Even the food snobs of Catalonia and the Basque country will generally admit that Galicia has the best seafood in Spain, which is served at its freshest along the rugged coast. In summer, the holiday crowds tend to cluster around Pontevedra, near the southern border; I, instead, head west from Santiago to the less-developed Costa de la Muerte, where the rocky shoreline and rough seas have caused many a shipwreck. At first I’m duly skeptical about the coast’s melodramatic name, assuming it had been coined by an overzealous tourism official, but shortly after turning onto a deserted single-lane road, I drive past the barely marked, hauntingly windswept Cementerio de los Ingleses, a burial ground for the crew of a British ship that crashed upon the rocks here in 1890. (Further proof the coast’s name is real: This year there was a Miss Coast of Death beauty pageant.)
The Costa de la Muerte is also known for its bounty of the prehistoric-looking crustacean called the percebe, or goose barnacle, a local delicacy that sells for up to $60 a pound. While I’m wandering around the relaxed fishing village of Muxía, I meet Ramón Villela Martínez, one of Galicia’s renowned percebeiros, the tough guys who make their living in the storm-slashed seas prying the shellfish from rocks using knives and crowbars. The tastiest, chubbiest percebes are found in the most wave-battered and hard-to-reach places. Looking out at the sunny and calm coast today, Martínez, who can earn upwards of $400 a day selling his catch, says not to be fooled; the job is just as hazardous as I’ve heard. “Muchos,” he adds when asked if he’s known any percebeiros and local fishermen who’ve lost their lives at sea. “Muchisimos!”
Martínez, like most Galicians, is nothing if not friendly and hospitable, and within an hour, the handsome 50-year-old Muxía native has introduced me to his wife and daughter, walked me around the village, bought me a beer at the fishermen’s bar and invited me to the annual Fiesta de las Sardinas, a village cookout later that evening. There, the all-local crowd chomps on just-caught jumbo sardines while an eight-piece Celtic band, dressed in identical orange T-shirts instead of traditional white blouses, plays Galician folk songs. My first chance to actually eat percebes will have to wait until the next day, at lunch in the town of Muros, where I discover that they pretty much taste like they look (texture: rubbery; flavor: ocean-y). Basically they’re boiled in water and served plain, without any sauce or seasonings. More instantly likable are some of the classic regional dishes from the boisterous tascas lining the port: pulpo a la gallego, slices of octopus sprinkled with olive oil and paprika; and a truly showstopping lubina (sea bass) seasoned with little more than salt, which I’m served at a nondescript joint the next day. These specialties, along with others, like the famous pimientos de Padrón (small green peppers fried in olive oil), exemplify Galicia’s gloriously unfussy cuisine—a style that works only in a place where the raw materials are close to perfect.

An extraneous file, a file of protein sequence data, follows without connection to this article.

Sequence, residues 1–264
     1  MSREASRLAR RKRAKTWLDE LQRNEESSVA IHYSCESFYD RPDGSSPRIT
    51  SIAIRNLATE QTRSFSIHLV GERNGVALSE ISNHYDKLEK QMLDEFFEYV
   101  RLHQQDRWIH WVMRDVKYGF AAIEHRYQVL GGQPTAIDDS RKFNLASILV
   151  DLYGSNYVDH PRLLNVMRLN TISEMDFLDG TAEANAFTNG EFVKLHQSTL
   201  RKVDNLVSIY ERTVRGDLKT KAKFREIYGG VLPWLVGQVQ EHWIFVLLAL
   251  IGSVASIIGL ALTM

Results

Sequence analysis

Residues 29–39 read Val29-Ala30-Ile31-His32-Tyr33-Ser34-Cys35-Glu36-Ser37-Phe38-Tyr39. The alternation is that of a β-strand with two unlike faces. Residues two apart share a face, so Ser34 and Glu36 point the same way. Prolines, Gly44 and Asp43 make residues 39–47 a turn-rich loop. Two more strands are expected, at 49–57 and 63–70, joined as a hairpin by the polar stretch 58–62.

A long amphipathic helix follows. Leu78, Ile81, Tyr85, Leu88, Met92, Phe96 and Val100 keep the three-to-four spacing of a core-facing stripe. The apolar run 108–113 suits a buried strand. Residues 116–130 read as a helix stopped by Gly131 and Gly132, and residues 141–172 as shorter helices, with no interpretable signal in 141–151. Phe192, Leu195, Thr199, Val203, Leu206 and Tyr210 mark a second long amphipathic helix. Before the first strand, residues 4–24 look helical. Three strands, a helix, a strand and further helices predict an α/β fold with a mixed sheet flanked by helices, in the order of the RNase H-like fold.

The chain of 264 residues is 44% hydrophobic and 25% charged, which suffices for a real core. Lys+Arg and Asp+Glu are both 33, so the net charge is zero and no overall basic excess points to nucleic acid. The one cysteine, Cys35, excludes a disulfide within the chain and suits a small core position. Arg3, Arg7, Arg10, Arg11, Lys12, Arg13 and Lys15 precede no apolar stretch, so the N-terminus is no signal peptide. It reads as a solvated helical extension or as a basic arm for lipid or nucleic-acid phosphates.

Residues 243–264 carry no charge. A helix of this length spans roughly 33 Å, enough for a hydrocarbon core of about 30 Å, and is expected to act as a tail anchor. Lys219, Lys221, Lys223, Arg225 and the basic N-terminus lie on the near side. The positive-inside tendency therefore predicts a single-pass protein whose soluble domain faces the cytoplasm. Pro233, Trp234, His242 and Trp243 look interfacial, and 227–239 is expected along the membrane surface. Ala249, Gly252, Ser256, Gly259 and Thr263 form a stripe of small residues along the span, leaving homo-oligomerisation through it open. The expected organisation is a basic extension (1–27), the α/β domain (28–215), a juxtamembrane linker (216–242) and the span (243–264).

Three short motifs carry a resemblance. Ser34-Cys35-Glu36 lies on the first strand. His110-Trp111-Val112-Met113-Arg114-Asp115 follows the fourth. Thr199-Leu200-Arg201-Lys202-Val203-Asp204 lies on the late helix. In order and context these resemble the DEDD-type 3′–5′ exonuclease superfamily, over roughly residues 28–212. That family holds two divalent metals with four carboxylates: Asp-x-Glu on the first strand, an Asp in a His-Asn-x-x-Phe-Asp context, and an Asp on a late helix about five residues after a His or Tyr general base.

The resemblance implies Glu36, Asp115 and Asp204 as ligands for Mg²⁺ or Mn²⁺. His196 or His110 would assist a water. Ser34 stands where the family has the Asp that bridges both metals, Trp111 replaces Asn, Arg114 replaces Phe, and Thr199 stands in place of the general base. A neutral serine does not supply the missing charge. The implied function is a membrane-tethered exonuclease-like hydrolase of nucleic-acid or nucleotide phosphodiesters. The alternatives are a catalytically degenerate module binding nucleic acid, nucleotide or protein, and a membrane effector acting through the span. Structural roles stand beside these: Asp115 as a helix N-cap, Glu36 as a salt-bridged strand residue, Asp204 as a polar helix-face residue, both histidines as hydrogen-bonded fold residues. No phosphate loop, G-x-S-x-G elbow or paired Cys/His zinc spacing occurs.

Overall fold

For Galicia’s current generation of contemporary chefs, the challenge is to preserve the freshness and simplicity of the classic regional cuisine while refining it in creative ways. “In Galicia we have the best products, but we’ve often destroyed them on the stove,” says Luis Veira, who earned his first Michelin star two years ago at the sleek Alborada in La Coruña. Veira heats all his shellfish below the boiling point, and he rejects such dubious Galician traditions as cooking potatoes and octopus simultaneously in the same water. “You can’t tell your grandmother not to do that, when she learned it from her own grandmother,” he says. Veira’s gastronomic menu makes a convincing case for sophisticated simplicity, beginning with a playful tray of “snacks” that includes fried corn cones stuffed with foie gras, followed by crayfish panko with soy mayonnaise; both are best with a bottle of Albariño, the crisp local white.
Inland from La Coruña are some small winemaking regions and, east of the cities of Lugo and Orense, a series of little-explored valleys dotted with gurgling streams and crumbling granite homes—many grouped in clusters so small that they barely qualify as hamlets, let alone villages. The lodging options here consist mainly of casas rurales, Spain’s answer to country bed-and-breakfasts (see “Galicia Details”), where rustic charm often comes at the expense of soundproof walls and WiFi access. Across the landscape are quirky landmarks such as ancient stone hórreos, or granaries, which look like churches for medieval munchkins, elevated on thick stone stilts and adorned with crucifixes. In these areas you can drive for miles without passing another car.